29 March 2021
World Autism Awareness Week 2021 is here. It's an opportunity to raise awareness of neurodiversity and equip ourselves with the tools to support colleagues in the workplace.
In the UK, there are estimated to be 700,000 people with autism - that's 1 in 100 people. It's also estimated that 15% of the UK population are neurodivergent - yet only 16% of autistic people are in full-time employment. The covid-19 pandemic has been particularly tough for many autistic people and their families with access to services limited. Not only that, but the constant and sometimes confusing guidance and restrictions can be impenetrable or impossible for people with high support needs to implement.
Autism affects how people perceive the world and interact with others. It's considered a developmental disability.
Autistic people see, hear and feel the world differently to other people. If you are autistic, you are autistic for life; autism is not an illness or disease and cannot be 'cured'. Often people feel being autistic is a fundamental aspect of their identity.
Autism is a spectrum condition. All autistic people share certain difficulties, but being autistic will affect them in different ways. Some autistic people also have learning disabilities, mental health issues or other conditions, meaning people need various levels of support. Autism is not a barrier to living a fulfilling life, with the right sort of support.
What is Neurodiversity? Neurodiversity refers to the different ways the brain can work and interpret information. It highlights that people naturally think about things differently. We have different interests and motivations, and are naturally better at some things and poorer at others. Most people are neurotypical, meaning that the brain functions and processes information in the way society expects. However it is estimated that around 1 in 7 people (more than 15% of people in the UK) are neurodivergent, meaning that the brain functions, learns and processes information differently. Neurodivergence includes Attention Deficit Disorders, Autism, Dyslexia and Dyspraxia.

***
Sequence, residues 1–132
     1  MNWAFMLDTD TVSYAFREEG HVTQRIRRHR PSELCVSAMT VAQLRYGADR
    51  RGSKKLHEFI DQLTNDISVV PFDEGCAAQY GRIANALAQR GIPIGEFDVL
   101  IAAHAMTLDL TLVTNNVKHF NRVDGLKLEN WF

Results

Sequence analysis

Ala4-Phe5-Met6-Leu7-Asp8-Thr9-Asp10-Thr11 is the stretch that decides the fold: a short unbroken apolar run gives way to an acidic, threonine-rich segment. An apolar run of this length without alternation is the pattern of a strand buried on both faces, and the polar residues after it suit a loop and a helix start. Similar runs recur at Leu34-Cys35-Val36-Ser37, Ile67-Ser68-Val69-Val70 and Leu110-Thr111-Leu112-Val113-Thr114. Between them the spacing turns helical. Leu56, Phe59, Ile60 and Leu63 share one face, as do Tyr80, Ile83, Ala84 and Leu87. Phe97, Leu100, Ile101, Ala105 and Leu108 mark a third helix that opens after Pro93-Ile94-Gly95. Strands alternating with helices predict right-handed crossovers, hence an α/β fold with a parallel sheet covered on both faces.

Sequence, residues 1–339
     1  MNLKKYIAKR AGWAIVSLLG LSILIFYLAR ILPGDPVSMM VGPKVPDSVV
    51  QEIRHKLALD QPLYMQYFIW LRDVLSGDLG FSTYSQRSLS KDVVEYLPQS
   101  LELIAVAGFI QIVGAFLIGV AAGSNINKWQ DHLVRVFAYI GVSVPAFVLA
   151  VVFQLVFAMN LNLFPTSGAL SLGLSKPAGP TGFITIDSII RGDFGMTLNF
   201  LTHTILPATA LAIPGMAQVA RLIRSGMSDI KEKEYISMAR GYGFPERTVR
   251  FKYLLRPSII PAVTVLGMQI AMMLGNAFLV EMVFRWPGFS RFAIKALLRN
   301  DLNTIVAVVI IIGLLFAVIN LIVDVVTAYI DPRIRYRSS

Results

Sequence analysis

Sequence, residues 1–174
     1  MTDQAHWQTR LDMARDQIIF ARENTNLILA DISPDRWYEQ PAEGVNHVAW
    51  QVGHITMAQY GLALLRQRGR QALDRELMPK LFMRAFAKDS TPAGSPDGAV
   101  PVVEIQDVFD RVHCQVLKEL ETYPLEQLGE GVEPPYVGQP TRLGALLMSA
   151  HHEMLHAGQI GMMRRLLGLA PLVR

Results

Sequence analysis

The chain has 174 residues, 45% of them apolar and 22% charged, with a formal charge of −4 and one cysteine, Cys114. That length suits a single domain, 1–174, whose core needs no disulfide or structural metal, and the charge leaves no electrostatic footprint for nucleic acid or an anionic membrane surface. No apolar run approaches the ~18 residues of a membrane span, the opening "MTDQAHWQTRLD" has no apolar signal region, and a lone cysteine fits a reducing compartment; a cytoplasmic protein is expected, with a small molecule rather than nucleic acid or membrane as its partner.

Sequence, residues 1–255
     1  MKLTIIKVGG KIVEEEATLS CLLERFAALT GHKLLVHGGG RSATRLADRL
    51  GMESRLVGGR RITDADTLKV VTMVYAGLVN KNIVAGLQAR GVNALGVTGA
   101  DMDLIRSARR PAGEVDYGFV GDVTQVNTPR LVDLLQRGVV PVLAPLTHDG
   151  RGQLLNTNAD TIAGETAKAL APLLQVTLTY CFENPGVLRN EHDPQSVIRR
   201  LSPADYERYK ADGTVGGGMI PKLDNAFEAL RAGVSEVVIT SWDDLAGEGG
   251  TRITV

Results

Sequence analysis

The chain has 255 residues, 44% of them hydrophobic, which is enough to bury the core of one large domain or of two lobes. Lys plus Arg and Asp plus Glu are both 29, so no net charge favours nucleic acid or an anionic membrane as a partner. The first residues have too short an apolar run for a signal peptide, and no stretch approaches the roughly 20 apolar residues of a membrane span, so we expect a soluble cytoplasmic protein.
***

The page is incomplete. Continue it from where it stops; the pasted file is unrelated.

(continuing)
Neurodivergence is common, yet there is still a lack of understanding around most forms of neurodivergence, and misperceptions persist. Taking steps to recognise the importance of neurodivergence and supporting colleagues helps to create a more inclusive workplace. Everybody is different.
Creating a workplace that supports neurodiversity is particularly important for neurodivergent employees, the actions and strategies put in place can benefit all colleagues and helps get the best out of everyone.
So, what support is available?
Being neurodivergent will usually amount to a disability under the Equality Act 2010. This means an employer has a legal obligation to make reasonable adjustments to the workplace and the individual's role that will remove or minimise any disadvantage to them.
Having a workplace that is set up to proactively think about what can be done to support the needs of each employee can make it much easier to identify and implement adjustments for neurodivergent staff.
In December 2020, we launched an interactive eBite for our members which helps understand what disability is, and the kind of support that you can expect. Having a workplace assessment or using your employers Occupational Health can be a fantastic way of understanding what adjustments may help you.
Genius Within and development programmes can help you reach your potential and to perform at your best, by recognising how you can use your neurodiversity.
Lloyds Banking Group and TSB have a range of activities taking place this week, including:
Check out what your employer is doing, and get involved to raise awareness, seek education, and support your colleagues.
Interested in running your own event? Check out this quiz which you can use to run your own awareness session.
The Accord Equality Diversity & Inclusion group’s aim is to ensure every individual has the right to an equal opportunity to maximise their potential, regardless of background, and to be treated with dignity and respect. It’s a place where diversity is celebrated, and all contributions are welcomed and cherished without prejudice or judgement. It’s also a chance to collectively learn from our experiences, allowing us to remove barriers and enrich each other’s lives.
The group has a calendar of activities we'll be getting involved in across the year on a broad spectrum of topics. If you’re interested, why not get involved — email us at email@example.com or register to join online.